How I find and filter water for drinking and eating.
Jan 24th – Yep, less than two-and-a-half months before I get back on the Appalachian Trail. So many thoughts swirling around inside my head, and many, many emotions.
While John has been away the past couple weeks, the extra alone time has allowed me to focus a lot on the upcoming hike with minimal distractions. Everything from “what’s in my pack,” food and resupply thoughts, technology, reading past hikers experiences and watching YouTube.
Today was a good day to revisit my water system. For those who aren’t aware, water is plentiful on trail most of the time, but it needs to be filtered always. There are many methods one can use to filter their water: boil water, iodine tablets or the easiest solution is a portable water filter. The filter most commonly used is Sawyer. It works so well we use it at home to filter lake water into jugs. Few days ago I filtered 9x4L containers which is enough for a few weeks.
I don’t know why, but you cannot buy this product in any Canadian retailer except for Amazon Canada. A great thing about this filter, that if you take care of it, it should last 3-5 years filtering thousands of gallons.
From Sawyer website, the filter will remove: Bacteria, protozoa, E. Coli, giardia, vibrio cholerea, Salmonella typhi, and microplastics.
Today was maintenance day which involves backflushing the filter using a syringe (supplied with the filter) with clean water. Then you back-flush with a solution of non-scented bleach and water (1 capful per 1L water).
The filter is designed that it can screw onto a Smart water bottle, allowing you to dip a bottle in a lake or stream, screw on the filter and drink clean water. On trail, I will normally carry a 700ml bottle with the filter attached and is easily accessible on my backpack strap which has a holder. On each side of the backpack are pouches that hold two 1L bottles. These are for clean water only, unlike the 700ml which is unfiltered water. And finally, I carry an empty 2L water bladder that if water is scarce, will fill this up to ensure I won’t run out.
The process sounds complicated, but there is a method. As I’m hiking during the day, I’ll be passing streams as well as hills/mountains where water will trickle down. I’ll unscrew the filter, fill it with water and screw the filter back on. As I hike, I can drink right from the filter. As I near the spot where I’ll be setting my tent for the night, I will have already planned in advance a water source prior to reaching camp. I’ll take off my pack, remove the filter from the bottle and attach to the 2L water bladder that would have been filled first. I’ll fill both empty 1L bottles, and depending on the next days availability of water, I may lug the bladder full of water as well.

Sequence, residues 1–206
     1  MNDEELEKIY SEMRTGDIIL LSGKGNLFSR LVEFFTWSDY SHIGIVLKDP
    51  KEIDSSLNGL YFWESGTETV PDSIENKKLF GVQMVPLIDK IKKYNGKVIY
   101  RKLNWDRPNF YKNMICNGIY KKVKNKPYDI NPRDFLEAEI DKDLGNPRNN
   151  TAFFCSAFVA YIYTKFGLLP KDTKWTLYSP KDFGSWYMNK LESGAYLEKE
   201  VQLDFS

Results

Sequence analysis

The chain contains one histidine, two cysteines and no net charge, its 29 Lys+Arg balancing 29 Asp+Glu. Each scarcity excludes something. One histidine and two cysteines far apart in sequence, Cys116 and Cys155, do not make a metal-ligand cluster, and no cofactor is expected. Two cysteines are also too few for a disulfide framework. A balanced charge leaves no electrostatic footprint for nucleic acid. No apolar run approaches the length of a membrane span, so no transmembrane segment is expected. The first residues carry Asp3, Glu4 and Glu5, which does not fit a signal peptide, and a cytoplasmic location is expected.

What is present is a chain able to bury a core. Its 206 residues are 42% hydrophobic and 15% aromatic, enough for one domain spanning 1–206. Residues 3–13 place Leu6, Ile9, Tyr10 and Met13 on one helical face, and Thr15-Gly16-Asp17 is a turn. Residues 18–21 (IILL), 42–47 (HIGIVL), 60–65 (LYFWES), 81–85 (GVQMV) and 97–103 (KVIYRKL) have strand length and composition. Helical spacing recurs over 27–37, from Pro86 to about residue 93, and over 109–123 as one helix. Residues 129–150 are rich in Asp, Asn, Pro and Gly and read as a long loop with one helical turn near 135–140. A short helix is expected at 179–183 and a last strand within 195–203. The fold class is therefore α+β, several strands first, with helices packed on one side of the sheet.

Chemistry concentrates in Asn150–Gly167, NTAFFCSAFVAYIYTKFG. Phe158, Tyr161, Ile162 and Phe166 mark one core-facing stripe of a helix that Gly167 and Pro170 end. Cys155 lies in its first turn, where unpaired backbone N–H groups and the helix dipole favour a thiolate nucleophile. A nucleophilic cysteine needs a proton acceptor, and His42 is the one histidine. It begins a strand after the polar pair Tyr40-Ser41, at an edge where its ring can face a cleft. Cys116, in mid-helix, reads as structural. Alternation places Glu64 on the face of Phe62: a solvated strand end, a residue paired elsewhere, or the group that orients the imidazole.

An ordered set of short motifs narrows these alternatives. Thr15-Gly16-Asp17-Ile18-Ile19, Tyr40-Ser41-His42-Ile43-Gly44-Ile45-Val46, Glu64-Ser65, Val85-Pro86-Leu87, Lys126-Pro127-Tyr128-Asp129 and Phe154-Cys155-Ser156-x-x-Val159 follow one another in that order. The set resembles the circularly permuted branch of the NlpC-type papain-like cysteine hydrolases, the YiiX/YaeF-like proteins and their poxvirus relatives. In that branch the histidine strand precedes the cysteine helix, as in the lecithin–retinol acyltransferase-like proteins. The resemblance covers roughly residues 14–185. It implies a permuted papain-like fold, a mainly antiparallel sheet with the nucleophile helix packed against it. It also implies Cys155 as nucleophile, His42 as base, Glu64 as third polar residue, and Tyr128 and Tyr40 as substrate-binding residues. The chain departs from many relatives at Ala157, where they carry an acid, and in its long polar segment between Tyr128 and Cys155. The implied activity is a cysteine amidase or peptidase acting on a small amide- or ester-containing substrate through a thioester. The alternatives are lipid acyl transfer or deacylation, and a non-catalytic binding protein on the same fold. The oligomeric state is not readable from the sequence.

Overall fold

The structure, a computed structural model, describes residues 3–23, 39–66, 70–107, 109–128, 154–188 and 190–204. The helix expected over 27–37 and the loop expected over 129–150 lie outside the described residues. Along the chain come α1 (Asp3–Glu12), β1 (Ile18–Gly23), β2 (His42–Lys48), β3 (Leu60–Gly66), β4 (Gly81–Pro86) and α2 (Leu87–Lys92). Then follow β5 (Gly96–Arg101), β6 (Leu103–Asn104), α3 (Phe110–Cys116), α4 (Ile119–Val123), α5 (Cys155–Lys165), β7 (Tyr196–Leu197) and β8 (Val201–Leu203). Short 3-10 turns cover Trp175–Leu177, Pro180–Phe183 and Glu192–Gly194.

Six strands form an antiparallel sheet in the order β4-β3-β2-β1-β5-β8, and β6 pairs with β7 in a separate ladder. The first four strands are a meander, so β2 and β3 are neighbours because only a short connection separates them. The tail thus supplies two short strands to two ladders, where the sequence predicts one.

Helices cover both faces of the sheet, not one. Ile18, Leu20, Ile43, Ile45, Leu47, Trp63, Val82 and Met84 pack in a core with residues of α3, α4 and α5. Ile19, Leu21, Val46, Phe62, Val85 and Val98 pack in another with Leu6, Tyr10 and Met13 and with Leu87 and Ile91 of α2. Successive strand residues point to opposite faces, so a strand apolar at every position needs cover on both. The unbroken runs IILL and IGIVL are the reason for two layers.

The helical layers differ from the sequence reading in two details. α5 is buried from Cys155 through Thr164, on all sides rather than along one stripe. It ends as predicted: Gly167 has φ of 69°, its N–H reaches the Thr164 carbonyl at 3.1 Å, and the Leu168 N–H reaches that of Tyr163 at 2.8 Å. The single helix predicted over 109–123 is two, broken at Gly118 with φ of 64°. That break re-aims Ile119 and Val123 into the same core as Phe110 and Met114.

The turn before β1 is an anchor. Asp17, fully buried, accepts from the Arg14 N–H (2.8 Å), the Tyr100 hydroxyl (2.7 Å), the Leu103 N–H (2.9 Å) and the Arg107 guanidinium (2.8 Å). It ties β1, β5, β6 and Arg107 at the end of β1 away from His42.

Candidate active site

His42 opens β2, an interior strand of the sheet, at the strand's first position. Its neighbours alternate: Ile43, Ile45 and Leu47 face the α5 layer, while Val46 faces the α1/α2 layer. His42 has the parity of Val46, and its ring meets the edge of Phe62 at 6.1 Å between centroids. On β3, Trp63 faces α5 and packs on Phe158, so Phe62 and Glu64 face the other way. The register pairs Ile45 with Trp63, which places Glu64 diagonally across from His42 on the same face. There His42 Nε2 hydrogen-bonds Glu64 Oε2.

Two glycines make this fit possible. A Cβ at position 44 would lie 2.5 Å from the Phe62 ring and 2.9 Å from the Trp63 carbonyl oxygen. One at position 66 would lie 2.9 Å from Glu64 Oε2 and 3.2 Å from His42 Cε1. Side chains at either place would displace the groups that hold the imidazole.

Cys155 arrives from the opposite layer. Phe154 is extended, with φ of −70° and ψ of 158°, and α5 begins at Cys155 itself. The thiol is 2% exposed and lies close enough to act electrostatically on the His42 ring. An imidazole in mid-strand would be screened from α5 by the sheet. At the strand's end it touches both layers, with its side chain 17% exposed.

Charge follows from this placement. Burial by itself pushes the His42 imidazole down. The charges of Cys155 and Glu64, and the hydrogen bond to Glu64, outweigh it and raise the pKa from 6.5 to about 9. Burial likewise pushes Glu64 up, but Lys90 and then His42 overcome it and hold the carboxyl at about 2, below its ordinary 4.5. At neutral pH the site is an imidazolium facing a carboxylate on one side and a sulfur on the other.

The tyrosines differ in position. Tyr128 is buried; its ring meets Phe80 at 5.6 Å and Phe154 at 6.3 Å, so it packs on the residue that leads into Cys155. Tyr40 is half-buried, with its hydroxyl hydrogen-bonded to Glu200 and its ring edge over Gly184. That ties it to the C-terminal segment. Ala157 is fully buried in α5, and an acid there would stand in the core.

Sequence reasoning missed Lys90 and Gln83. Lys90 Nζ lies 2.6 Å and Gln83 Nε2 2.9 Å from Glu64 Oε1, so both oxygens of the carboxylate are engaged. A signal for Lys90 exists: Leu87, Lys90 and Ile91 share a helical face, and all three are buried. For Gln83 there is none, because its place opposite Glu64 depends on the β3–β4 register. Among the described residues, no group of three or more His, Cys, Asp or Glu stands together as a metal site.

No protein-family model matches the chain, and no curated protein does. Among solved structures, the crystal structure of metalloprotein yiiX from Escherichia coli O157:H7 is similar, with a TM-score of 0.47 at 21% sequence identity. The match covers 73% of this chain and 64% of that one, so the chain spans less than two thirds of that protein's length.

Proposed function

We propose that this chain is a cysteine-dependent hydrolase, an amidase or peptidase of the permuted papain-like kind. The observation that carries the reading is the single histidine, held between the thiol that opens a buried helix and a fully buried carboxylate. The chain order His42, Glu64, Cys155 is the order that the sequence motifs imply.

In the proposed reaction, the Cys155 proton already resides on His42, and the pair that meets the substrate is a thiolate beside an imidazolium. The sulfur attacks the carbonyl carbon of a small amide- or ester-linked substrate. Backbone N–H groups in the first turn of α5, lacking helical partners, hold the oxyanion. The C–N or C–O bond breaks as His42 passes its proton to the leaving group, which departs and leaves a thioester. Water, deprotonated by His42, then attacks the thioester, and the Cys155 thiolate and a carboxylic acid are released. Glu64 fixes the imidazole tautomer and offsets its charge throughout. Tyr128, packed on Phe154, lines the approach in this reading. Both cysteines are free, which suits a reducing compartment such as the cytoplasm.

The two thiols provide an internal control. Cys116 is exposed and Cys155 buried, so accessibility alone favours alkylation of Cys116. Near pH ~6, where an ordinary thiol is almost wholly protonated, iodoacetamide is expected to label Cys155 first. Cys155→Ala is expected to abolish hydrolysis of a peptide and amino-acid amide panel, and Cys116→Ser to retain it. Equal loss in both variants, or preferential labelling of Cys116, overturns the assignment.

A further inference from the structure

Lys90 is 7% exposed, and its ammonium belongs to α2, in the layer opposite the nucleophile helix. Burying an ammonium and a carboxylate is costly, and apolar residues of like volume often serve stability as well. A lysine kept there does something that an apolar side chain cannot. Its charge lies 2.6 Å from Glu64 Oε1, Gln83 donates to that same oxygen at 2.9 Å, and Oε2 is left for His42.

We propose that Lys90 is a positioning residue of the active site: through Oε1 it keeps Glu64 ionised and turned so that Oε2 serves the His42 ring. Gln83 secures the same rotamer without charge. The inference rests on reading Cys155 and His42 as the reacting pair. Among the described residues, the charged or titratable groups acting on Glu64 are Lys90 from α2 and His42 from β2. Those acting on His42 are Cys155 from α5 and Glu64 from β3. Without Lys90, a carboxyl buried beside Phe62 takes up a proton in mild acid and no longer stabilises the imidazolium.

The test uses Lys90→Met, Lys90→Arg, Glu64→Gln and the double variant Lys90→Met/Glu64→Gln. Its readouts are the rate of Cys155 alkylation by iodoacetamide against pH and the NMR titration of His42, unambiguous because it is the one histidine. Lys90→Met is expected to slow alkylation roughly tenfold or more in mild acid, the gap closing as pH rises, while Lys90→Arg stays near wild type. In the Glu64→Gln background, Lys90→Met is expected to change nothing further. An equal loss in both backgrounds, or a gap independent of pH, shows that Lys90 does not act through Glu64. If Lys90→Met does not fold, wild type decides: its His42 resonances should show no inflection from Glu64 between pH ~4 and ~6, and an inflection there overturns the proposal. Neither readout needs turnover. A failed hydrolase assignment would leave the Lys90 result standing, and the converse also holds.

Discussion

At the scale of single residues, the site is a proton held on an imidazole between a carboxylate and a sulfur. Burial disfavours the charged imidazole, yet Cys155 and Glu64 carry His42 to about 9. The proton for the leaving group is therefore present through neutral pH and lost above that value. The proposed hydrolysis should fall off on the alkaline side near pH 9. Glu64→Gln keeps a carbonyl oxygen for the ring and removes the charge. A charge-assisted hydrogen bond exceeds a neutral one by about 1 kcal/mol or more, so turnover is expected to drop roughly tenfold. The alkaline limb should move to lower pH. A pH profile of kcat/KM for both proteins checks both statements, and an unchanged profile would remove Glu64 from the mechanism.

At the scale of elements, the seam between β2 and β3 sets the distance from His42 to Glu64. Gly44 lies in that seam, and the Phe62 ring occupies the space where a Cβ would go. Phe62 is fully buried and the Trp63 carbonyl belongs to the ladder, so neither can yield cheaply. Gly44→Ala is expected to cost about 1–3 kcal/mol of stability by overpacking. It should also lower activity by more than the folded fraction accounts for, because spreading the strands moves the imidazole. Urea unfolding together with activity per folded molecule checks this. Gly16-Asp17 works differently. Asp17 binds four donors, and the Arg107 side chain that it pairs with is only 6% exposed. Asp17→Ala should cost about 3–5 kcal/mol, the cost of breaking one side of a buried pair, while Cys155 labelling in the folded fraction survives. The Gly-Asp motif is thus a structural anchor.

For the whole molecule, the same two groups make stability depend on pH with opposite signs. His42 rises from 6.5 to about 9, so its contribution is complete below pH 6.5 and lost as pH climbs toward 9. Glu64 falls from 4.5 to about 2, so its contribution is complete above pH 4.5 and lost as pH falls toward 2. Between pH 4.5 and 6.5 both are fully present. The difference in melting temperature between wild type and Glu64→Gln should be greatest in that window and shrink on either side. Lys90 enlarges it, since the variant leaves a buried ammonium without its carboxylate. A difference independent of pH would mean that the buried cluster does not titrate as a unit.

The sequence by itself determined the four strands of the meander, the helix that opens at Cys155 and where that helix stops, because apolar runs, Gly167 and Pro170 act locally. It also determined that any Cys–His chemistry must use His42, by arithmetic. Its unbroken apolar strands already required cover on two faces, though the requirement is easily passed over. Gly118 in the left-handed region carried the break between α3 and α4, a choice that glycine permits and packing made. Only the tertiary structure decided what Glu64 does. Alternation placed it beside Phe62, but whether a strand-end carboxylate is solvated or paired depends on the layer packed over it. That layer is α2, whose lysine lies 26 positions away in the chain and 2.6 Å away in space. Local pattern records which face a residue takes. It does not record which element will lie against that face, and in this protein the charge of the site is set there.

Carrying water just adds to the pounds of weight I carry on my back. Excluding food and water, my backpack with all my gear is about 15lbs. Now, add 6lbs of food + 2-3L water – that’s 25-27lbs. Most people attempting the Appalachian Trail would love to carry “just” 27lbs. Last year I met someone who had just weighed their pack: 52lbs!! The good news is each day as you consume food, your pack gets lighter.
Jan 31 – Well, it’s official: April 6/7 will be my start date to attempt to Appalachian Trail. I’ve booked our hotels in Dahlonega, Georgia for April 4-7. We’ll need a couple days to get down there as it is a 2,300km drive. Probably stay a night in Guelph and then Cincinnati, and finally Dahlonega.
Why Dahlonega? As in past attempts, it was always a joy to stay at Amicalola State Park Lodge. It overlooks the trail, has a visitors centre and is convenient as the trail is right out the door. But this year, after watching a YouTube video of a hiker who got very bad food poisoning having eaten at the lodge. And not just him, but another person as well. I always liked the lodge for the nice rooms, but I was never a fan of their food. So when a second hiker gets sick, the last thing I want to happen is throwing up the first day of my hike.
Dahlonega is a cute town 29 miles away. Lots of motels, hotels, restaurants, and other shopping amenities. On April 5th, we’ll drive to the visitor centre at Amicalola Park and do what hikers do before they begin their hike: 15 minute orientation on best camping practices, backpack weigh-in, picture of the arch (start of the trail) and sign the guest register.
From there, it’s an hour drive to Atlanta. Both of us need to get US SIM cards for our phones. Finally, I hit up a Walmart and Target for food resupply. Maybe have lunch at Chipotle’s?? Then back to Dahlonega.
Haven’t decided as yet if I’ll start the trail the following day (April 6) or the 7th. I’m thrilled for John as I suggested to him first thing when I knew my start date is where Nascar is racing. Great for him six hours to Martinsville, Virginia for races April 7-9. So happy he gets to take in a couple races.
So that’s about it for this update. If you haven’t as yet seen my YouTube page, I made two videos: one on why I’m hiking the AT and the other is about the gear I’ll be carrying. You may or may not know – depending g how well you know me – how hard it was to record myself. I feel the first video was a breakthrough.
Final note on what I’m doing to keep in shape. Not much because it’s been so cold out, but when we do get warm days like tomorrow, I’ll get a bit of walking. For now, it’s hopping on the indoor non-electric recumbent bike. I pedalled 200 miles in January. I hope to push that to 300 in February. ☺️